The Book of Deuteronomy says in chapter 28 that if you obey God and follow His commands, enemies will come at you from one direction but flee from you in seven. But if you disobey God and do not follow His commands, you will come at your enemies in one direction but flee from them in seven. I didn't fully understand those words of wisdom till I reflected on what happened to me at the University of Nairobi (UoN) in April 2011. Okay, let me tell you the full story.
As I pointed out in my previous story in this blog, I dropped out of JKUAT in 2009 where I had been pursuing a BSc. degree in Electronics & Computer Engineering. The following year, around September 2010, I applied for admission at UoN to pursue a B.A. degree in Political Science, History, Economics & Public Administration. I was accepted.
Matriculating at UoN turned out to be a good decision because I came to love and enjoy my new course which expanded my intellectual bandwidth. The subjects I enjoyed most were those in the field of Political Science. Like I learnt how some African dictators impoverished their nations by milking government coffers as if they were their own personal cows and stashing the stolen money in overseas bank accounts.
I also formed some lasting friendships at UoN. Among the numerous friends I made was Jeremiah (I only remember him by that name) who later on helped me produce a song that didn't hit. And then there was Gaetano Lovins Muganda, a nice guy with a pleasing personality who inspires me these days with some of his Facebook posts.
But the problem with me matriculating at UoN in 2010 was that I did so without thinking where my fees would come from. My father really struggled to pay my first semester fees because unlike when I was in JKUAT, this time I wasn't on a government scholarship. We paid my first semester fees in instalments, and when my father was unable to pay the whole amount by the time we were sitting for end-of-semester exams, I had to dig into the loan I had received at JKUAT to settle the fees.
That first semester as my father struggled to raise fees for my university education, I vividly remember seeing one of my classmates with a pay-slip indicating he had paid fees worth Ksh. 100,000 which made me wonder whether I would ever afford such an amount. Well, I did try to look for alternative sources of funding my university fees. Like I talked to my then home-town councillor called Peter Munene who gave me a small amount of bursary which came too late. I also approached a number of friends for help but none came through to my aid.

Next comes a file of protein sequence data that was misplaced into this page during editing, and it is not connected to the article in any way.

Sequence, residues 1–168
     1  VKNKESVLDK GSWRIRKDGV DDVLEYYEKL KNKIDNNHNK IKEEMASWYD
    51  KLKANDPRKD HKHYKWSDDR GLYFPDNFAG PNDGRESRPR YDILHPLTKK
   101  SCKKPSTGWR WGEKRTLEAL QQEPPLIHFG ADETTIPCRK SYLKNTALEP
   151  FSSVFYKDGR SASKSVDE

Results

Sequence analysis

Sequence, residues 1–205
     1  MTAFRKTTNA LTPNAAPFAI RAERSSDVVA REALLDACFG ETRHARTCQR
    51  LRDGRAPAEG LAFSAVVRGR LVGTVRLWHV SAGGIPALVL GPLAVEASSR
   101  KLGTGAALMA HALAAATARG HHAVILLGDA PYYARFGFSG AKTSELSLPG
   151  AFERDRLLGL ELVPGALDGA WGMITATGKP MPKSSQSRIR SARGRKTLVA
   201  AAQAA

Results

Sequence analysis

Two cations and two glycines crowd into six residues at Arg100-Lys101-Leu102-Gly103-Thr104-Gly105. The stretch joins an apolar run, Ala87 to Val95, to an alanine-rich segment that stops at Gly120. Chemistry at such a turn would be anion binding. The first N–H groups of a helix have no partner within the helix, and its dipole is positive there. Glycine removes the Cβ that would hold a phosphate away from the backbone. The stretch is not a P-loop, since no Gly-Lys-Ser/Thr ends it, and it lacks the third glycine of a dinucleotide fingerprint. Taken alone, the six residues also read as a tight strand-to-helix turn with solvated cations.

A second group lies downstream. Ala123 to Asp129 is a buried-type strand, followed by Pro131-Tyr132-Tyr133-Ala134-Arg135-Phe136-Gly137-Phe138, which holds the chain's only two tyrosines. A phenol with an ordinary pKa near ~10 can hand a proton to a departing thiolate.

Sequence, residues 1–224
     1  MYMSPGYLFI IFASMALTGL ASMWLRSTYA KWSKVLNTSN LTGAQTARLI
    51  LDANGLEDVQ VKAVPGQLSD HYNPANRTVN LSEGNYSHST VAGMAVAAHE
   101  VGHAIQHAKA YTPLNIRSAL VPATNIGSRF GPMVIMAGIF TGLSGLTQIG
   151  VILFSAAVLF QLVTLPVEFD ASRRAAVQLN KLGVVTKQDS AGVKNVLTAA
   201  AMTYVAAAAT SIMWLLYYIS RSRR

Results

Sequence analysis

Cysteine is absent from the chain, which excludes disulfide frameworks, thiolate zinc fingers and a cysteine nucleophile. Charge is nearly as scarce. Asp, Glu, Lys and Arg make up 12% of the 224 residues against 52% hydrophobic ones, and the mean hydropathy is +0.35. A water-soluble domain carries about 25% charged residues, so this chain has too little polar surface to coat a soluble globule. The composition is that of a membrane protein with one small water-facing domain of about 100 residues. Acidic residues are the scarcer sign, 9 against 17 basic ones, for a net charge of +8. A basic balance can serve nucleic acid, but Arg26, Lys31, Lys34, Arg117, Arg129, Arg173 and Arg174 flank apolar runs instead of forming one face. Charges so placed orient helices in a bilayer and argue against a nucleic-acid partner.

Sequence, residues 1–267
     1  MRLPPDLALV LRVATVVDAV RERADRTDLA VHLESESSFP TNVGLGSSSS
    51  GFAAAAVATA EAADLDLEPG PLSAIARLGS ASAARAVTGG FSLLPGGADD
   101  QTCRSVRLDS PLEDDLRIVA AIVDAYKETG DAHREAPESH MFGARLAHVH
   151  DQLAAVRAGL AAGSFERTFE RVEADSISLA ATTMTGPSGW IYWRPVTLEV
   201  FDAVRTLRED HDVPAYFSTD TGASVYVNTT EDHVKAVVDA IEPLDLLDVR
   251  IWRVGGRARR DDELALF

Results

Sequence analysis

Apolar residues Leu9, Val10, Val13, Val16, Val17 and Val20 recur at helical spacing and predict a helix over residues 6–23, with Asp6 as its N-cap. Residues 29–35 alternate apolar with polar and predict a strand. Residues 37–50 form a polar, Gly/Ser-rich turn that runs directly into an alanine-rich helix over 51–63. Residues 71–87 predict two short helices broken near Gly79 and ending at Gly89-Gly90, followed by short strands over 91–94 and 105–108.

Perhaps as a result of that frustration in raising fees, I woke up one morning, around March 2011, and messaged my family that I would never go back home again. This alarmed them and they began searching for me. They tried reaching me via phone but I ignored their calls and text messages even when my father texted me that my mother was crying. I can't really tell what was going on in my head as I ignored those calls and messages. All I can say now is that I was behaving foolishly, and very foolishly indeed.
After a few days though, my family caught up with me with help from Safaricom, the leading mobile-phone service provider in Kenya. And after they found me, they forcefully took me to the university's clinic where I was admitted for several weeks. I am sure the doctor who admitted me to the clinic must have been told of my previous hospitalization when I was at the university in JKUAT. For how else can you explain I was admitted at UoN for the same reasons I was admitted at JKUAT.
The evening I was discharged from UoN clinic, I felt terribly guilty as I walked home. It was the kind of guilt that makes you feel the whole world is laughing at you. On reflecting about that guilt, I am of the opinion that it was God's way of punishing me for disobeying His law by causing grief to my father and mother. For as the Book of Proverbs says: "A foolish son brings grief to his father and bitterness to the one who bore him."
I had disobeyed God for shizzle and failed to follow His commands as the Book of Deuteronomy puts it in chapter 28. And as a result, "enemies" came at me in one direction and I fled from them in seven, and one of them was feeling guilty.
By the way, a few months in 2011 after getting discharged from UoN clinic, I stopped seeing my doctor and taking the medication he recommended. Over the years, I have sought healing in writing, music and prayers. And these days, I am striving to walk in obedience to God's Word. That's all I am saying.
RECOMMENDATION: If you've enjoyed this story of mine on obeying God's laws, you might also enjoy another one I wrote sometimes back on "The Doors God Closed For Me". Just click on that link in blue to dive straight into the story.